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  Stolen Women: Reclaiming Our Sexuality, Taking Back Our Lives
Wyatt, G. E.
New York: John Wiley & Sons, 1997.
(hardcover, 296 pp.)

Review by Juanita Rubio, Heather Terrell, and Nancy Felipe Russo

In Stolen Women, Gail Elizabeth Wyatt, Ph.D. draws upon her professional experience as a psychologist, sex researcher, and clinician, as well as her own personal experiences as a black woman, to examine the topic of African American women and sexuality. She begins by explaining that a woman of any color bears the burden of sexual stereotyping at some point in her lifetime, but that black women are especially devalued. Although white women are often depersonalized by being labeled as less intelligent or incompetent, depersonalization of black women focuses first on their sexuality. Stereotypes about black women that are rooted in slavery perpetuate myths about lack of sexual control and sexual irresponsibility, making it difficult for black women to express their sexuality without being defined by it.

The book is divided into three sections, and although it is based on clinical research, its conclusions are consistent with her empirical research as well. She takes a narrative approach, using various accounts to help the reader understand that sexuality has a varied meaning and that there is no single notion of womanhood. In Part I, Wyatt focuses on history, tracing sexual images of African American women through nearly five centuries to show the reader that modern stereotypes of black women have roots that can be traced back several generations. In Part II, stories of women she has interviewed are drawn upon to develop a portrait of the formative sexual experiences of black women. She discusses how these experiences influence sexuality later in life, and points out the cultural patterns that are expressed in personal accounts and behavior. She goes on to provide the reader with principles and knowledge that can help women take responsibility for their sexuality, regardless of past experiences or societal demands. In Part III, she encourages self-awareness by including a Sexual Responsibility test that can help one identify 'personal problems, challenges, and unexplored potential' while on the path of sexual healing and self-discovery.

Wyatt attempts to cover ground that has been previously untouched by other researchers. Middle-class and affluent women are included in her studies with poor women, emphasizing both differences and similarities. Cultural differences between black women are also taken into consideration, and Wyatt pays special attention to diversity of individual backgrounds and life experiences, as demonstrated by her emphasis on personal narratives. The book provides an in-depth analysis of the experiences of black women that allows an examination of cultural patterns that shape later decisions, and also traces the early patterns of sexuality across the entire life span.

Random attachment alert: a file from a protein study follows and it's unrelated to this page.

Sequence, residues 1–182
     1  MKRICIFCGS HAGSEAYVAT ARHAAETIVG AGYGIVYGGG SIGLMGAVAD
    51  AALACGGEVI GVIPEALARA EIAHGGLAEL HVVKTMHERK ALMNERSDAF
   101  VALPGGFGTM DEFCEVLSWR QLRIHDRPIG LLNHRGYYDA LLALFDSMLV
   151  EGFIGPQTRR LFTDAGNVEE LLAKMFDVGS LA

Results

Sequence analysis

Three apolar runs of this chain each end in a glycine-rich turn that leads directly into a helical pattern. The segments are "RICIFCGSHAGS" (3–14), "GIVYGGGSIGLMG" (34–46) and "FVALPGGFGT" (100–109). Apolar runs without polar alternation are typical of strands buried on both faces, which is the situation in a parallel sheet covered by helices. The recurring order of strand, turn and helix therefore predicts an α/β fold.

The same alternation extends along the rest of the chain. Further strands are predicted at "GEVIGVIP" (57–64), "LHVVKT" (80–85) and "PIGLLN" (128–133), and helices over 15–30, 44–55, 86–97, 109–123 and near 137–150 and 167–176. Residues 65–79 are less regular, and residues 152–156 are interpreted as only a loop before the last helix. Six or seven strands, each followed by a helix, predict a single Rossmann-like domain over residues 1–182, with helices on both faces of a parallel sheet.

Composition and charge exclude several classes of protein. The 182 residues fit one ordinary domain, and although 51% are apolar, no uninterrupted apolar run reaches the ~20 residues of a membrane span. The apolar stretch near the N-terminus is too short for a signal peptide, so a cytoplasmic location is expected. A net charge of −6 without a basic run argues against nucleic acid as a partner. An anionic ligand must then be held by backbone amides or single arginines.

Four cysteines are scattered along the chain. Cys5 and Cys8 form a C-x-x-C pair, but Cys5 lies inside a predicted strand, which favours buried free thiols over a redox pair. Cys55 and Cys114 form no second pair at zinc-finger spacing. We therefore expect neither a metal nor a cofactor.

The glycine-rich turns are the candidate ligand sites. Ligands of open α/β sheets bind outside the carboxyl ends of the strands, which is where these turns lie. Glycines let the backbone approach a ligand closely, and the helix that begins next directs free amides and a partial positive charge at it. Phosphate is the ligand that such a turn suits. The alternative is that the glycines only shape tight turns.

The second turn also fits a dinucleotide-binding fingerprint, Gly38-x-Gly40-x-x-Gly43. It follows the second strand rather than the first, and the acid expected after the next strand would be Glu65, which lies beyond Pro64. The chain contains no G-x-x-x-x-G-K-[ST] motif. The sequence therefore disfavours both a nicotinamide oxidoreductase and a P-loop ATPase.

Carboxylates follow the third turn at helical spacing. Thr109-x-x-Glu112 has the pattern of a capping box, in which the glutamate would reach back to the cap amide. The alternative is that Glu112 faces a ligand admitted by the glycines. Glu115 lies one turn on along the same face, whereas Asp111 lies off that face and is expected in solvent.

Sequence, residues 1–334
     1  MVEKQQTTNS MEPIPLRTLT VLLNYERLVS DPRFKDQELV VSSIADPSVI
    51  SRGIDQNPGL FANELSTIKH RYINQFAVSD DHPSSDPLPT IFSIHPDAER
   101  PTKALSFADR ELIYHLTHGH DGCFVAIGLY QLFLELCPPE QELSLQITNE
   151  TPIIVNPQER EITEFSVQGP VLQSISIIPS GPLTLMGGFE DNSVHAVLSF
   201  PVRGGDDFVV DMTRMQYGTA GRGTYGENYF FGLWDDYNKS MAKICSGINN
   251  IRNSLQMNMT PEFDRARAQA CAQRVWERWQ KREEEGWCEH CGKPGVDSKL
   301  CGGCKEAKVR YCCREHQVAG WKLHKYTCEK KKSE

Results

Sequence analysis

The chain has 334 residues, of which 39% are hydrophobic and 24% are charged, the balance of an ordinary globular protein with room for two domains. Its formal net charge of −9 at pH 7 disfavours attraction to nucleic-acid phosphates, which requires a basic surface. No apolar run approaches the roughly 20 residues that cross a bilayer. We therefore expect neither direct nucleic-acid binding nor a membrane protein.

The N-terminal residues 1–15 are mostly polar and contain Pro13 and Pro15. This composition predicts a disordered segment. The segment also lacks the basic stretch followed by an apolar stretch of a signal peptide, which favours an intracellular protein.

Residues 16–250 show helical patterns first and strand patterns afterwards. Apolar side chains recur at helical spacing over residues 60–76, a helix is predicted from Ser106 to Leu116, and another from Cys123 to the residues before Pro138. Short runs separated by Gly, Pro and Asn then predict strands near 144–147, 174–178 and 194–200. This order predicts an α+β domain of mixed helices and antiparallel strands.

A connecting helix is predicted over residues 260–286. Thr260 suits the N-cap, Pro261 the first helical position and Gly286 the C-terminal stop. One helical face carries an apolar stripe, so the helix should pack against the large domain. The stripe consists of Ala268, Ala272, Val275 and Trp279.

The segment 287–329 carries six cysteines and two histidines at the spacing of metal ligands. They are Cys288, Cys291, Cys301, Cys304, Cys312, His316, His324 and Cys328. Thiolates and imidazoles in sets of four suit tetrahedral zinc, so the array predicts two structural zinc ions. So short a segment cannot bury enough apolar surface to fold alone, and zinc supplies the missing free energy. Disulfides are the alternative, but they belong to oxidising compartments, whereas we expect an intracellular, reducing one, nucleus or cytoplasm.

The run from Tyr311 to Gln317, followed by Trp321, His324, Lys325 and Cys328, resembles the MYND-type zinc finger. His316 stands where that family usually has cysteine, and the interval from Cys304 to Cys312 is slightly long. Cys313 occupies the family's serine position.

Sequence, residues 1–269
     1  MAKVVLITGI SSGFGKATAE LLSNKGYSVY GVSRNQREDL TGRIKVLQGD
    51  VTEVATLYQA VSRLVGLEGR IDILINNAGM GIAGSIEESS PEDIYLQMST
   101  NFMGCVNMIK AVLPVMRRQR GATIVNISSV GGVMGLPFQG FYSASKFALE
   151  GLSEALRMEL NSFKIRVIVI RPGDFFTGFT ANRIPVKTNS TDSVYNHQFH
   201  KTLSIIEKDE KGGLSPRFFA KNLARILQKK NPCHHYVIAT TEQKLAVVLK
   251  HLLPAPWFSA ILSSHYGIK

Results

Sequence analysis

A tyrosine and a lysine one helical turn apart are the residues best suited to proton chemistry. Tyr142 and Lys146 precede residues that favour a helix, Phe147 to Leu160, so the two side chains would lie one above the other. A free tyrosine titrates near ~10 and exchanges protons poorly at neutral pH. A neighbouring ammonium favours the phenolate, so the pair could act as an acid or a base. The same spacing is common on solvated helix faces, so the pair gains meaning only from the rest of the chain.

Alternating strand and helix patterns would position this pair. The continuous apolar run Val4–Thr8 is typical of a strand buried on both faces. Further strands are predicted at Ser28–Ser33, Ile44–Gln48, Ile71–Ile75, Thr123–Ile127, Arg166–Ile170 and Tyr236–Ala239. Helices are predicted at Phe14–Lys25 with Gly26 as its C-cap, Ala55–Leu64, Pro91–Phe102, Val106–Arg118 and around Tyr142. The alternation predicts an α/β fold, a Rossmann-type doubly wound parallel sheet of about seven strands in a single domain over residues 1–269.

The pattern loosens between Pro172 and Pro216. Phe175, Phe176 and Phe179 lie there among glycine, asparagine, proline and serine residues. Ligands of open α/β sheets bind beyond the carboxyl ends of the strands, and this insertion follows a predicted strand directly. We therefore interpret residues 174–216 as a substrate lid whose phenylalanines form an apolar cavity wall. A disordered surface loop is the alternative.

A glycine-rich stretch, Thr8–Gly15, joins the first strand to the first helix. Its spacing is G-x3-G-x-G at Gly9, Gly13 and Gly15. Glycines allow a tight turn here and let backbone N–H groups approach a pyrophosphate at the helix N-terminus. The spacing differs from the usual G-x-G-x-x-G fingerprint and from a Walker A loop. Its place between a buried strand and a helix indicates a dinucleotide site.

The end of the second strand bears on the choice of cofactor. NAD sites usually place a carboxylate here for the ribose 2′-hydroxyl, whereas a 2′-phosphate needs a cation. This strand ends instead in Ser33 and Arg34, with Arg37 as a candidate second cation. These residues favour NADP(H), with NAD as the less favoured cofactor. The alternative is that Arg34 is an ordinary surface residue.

Abortion issues are but a small part of Wyatt's examination of the range of black women's sexual and reproductive experiences. The points she makes, however, challenge conventional wisdom and emphasize the need for vigilance in avoiding the stereotypes that construct their sexuality. She presents a brief but powerful description of the impact of illegal abortion on black women, including a chilling example of a male nurse who poured turpentine down a woman's vagina into her uterus in an attempt to perform an abortion. Later, she considers the meaning of sexual responsibility, considering factors that influence risky sexual behaviors, sexual satisfaction, deciding to have a family, use of contraceptives and deciding to have an abortion. Wyatt provides statistics on how many women have had abortions and their reasons for doing so, and points out that, contrary to other literature, she finds black women and white women seek abortion at similar rates. She issues a ringing challenge to the assumption that black women oppose abortion, stating 'For African American women, the overall pattern appears to be pro-children, pro-families, and pro-choice. We have always valued the right to choose to bear children, whether legally or illegally' (p. 178). She emphasizes that abortion is a 'last decision' in a series of events that might be prevented if Black women had more information about their bodies and were more empowered to consider their own goals and futures rather than deferring to their partners' needs and wishes.

Although Wyatt acknowledges and explores the various painful socially constructed problems of African American women's sexuality, her stance is optimistic, emphasizing the need for women to take on the responsibility to create change. Stolen Women is an important book. Reading it is an empowering experience for black women and a path to understanding the diversity of black women's experiences for all readers. But women of other ethnicities will find echoes of their experiences in the book as well. Thus, on the one hand the book documents how sexuality and reproductive experiences are shaped by cultural forces and must be understood in their social and cultural context. But at the same time, the work also provides a bridge to unite women across those social and cultural contexts by showing how women share so many of the issues they face because they bear and raise children.

 
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